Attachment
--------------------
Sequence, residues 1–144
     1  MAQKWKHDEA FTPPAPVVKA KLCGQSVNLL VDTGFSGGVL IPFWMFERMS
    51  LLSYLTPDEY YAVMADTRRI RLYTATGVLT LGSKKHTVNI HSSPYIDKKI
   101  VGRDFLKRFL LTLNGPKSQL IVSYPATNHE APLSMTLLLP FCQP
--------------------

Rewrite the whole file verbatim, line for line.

Sequence, residues 1–144
     1  MAQKWKHDEA FTPPAPVVKA KLCGQSVNLL VDTGFSGGVL IPFWMFERMS
    51  LLSYLTPDEY YAVMADTRRI RLYTATGVLT LGSKKHTVNI HSSPYIDKKI
   101  VGRDFLKRFL LTLNGPKSQL IVSYPATNHE APLSMTLLLP FCQP